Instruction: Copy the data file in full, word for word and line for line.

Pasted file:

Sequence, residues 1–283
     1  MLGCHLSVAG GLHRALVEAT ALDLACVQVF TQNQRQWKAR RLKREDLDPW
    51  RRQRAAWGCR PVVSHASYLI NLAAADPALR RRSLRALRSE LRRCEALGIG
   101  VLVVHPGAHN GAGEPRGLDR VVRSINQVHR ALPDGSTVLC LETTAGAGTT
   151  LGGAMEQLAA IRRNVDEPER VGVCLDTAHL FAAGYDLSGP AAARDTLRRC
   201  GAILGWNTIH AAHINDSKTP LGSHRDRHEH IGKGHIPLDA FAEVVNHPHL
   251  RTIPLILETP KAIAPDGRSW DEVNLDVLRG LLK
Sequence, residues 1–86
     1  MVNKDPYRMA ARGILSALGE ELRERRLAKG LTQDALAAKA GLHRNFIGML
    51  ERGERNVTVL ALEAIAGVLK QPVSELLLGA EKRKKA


Sequence, residues 1–283
     1  MLGCHLSVAG GLHRALVEAT ALDLACVQVF TQNQRQWKAR RLKREDLDPW
    51  RRQRAAWGCR PVVSHASYLI NLAAADPALR RRSLRALRSE LRRCEALGIG
   101  VLVVHPGAHN GAGEPRGLDR VVRSINQVHR ALPDGSTVLC LETTAGAGTT
   151  LGGAMEQLAA IRRNVDEPER VGVCLDTAHL FAAGYDLSGP AAARDTLRRC
   201  GAILGWNTIH AAHINDSKTP LGSHRDRHEH IGKGHIPLDA FAEVVNHPHL
   251  RTIPLILETP KAIAPDGRSW DEVNLDVLRG LLK
Sequence, residues 1–86
     1  MVNKDPYRMA ARGILSALGE ELRERRLAKG LTQDALAAKA GLHRNFIGML
    51  ERGERNVTVL ALEAIAGVLK QPVSELLLGA EKRKKA